Background and purpose: Intracranial artery stenosis (ICAS) is a narrowing of an intracranial artery, which is a common etiology for ischemic stroke. In this commentary, we review key aspects of the discrimination between non-stroke controls and ischemic stroke patients on the background of phospholipid ω3-fatty acid (DHA, EPA) composition. The discussion is embedded in the presentation of general effects of long-chain ω3 polyunsaturated fatty acids (PUFAs) in cardio-cerebro-vascular diseases (CCVDs) and Alzheimer dementia (AD).
Summary of commentary: ICAS is a common stroke subtype and has emerged as a major factor in recurrent stroke and vascular mortality. DHA and EPA are important fatty acids to distinguish between NCAS (no cerebral arteriosclerotic stenosis) and ICAS in stroke. The risk of ICAS is inversely correlated with the DHA content in phospholipids. Furthermore, a mechanistic explanation has been proposed for the beneficial effects of PUFAs in CCVDs and AD.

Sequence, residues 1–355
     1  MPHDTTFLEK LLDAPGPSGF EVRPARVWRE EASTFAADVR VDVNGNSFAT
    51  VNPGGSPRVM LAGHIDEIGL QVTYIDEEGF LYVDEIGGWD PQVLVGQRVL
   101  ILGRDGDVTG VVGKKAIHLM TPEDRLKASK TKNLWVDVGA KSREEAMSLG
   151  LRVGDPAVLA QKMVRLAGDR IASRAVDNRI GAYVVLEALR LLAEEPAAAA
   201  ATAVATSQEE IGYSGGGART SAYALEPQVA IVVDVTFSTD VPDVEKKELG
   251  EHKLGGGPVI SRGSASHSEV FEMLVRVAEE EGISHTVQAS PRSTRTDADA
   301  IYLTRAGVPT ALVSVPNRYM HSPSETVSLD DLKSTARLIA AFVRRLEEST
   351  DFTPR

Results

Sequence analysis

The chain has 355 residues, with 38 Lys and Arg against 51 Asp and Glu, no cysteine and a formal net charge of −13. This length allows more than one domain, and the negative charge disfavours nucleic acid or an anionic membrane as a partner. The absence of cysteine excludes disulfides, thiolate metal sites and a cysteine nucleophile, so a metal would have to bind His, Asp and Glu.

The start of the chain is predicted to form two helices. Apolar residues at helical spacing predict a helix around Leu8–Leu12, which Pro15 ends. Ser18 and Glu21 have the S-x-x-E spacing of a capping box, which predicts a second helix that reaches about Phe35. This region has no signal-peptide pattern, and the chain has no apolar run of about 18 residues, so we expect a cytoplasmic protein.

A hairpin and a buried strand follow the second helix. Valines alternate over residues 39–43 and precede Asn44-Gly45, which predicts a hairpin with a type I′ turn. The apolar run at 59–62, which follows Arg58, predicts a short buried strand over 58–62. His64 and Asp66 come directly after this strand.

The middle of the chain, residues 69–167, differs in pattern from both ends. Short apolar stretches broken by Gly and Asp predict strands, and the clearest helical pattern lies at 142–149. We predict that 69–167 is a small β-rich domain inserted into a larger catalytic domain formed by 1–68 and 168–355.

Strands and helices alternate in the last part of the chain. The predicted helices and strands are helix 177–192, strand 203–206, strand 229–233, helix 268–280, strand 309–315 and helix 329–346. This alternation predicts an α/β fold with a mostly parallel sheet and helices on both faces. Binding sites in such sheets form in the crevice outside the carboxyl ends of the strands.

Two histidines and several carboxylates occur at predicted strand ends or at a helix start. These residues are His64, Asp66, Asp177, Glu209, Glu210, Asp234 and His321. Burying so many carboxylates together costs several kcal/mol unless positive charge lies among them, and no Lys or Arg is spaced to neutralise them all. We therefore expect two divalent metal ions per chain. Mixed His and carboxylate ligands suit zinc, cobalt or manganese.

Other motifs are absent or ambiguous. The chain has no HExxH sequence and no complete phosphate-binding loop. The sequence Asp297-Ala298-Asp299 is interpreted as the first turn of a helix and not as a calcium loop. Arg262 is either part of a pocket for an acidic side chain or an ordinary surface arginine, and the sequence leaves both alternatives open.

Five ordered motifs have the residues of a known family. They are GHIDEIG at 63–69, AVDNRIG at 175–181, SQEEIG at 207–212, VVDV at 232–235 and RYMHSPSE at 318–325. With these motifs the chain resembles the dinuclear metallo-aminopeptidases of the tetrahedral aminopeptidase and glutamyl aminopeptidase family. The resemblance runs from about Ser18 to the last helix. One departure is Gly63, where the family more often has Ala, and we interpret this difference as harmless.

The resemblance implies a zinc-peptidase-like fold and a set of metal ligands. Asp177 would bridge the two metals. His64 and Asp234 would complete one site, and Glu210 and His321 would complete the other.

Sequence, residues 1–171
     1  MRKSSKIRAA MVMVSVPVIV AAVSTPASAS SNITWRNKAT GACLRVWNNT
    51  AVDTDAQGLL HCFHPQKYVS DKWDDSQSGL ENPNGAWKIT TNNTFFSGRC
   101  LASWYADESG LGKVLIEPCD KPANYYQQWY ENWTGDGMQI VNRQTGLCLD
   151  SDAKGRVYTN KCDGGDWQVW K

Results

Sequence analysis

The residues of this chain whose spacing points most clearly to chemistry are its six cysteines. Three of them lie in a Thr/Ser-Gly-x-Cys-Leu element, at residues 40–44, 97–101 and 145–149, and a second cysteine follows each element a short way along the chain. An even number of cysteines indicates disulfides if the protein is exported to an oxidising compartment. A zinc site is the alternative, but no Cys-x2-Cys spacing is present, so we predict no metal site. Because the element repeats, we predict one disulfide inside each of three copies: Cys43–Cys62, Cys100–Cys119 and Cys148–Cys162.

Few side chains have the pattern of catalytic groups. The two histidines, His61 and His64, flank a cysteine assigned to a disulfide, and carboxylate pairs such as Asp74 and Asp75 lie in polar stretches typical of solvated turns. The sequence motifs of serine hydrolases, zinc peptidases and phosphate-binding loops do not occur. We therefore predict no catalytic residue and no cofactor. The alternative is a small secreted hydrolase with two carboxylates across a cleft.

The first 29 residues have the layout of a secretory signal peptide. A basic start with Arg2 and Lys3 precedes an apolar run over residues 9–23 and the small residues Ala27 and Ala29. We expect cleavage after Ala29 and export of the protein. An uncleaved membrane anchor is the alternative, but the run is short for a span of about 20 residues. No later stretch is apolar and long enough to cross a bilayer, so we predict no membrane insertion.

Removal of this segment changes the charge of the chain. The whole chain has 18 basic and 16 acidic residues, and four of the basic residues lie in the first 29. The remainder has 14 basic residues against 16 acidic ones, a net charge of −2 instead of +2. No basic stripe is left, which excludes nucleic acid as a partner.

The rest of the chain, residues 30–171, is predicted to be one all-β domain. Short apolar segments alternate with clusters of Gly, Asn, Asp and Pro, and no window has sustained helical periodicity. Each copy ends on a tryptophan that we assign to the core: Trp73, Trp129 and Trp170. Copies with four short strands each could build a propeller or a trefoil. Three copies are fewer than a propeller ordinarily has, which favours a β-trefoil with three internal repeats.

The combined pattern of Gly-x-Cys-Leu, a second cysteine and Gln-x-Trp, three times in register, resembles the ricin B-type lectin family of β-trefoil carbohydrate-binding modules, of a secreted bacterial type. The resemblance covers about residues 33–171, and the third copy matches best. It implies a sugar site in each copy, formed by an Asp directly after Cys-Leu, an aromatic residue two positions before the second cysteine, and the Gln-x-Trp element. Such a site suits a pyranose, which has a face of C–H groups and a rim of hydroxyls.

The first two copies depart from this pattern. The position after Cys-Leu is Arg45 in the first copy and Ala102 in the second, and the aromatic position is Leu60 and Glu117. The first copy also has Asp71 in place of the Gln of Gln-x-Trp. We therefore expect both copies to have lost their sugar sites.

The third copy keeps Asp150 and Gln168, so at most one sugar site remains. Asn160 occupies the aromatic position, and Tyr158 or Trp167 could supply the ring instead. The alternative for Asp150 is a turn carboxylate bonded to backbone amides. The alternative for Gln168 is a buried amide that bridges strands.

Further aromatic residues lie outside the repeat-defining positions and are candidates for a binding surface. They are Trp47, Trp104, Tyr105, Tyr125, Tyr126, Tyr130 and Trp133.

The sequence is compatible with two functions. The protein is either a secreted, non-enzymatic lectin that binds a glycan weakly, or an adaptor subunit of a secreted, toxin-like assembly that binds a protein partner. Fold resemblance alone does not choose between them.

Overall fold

Conclusions: Whereas the beneficial effects of EPA/DHA for cardiovascular diseases and stroke seem to be beyond question, preventive effects in patients with very mild cognitive dysfunction and beginning Alzheimer's disease undoubtedly need confirmation by larger clinical trials. A collaborative international basic science approach is warranted considering cautiously designed studies in order to avoid ethical problems.
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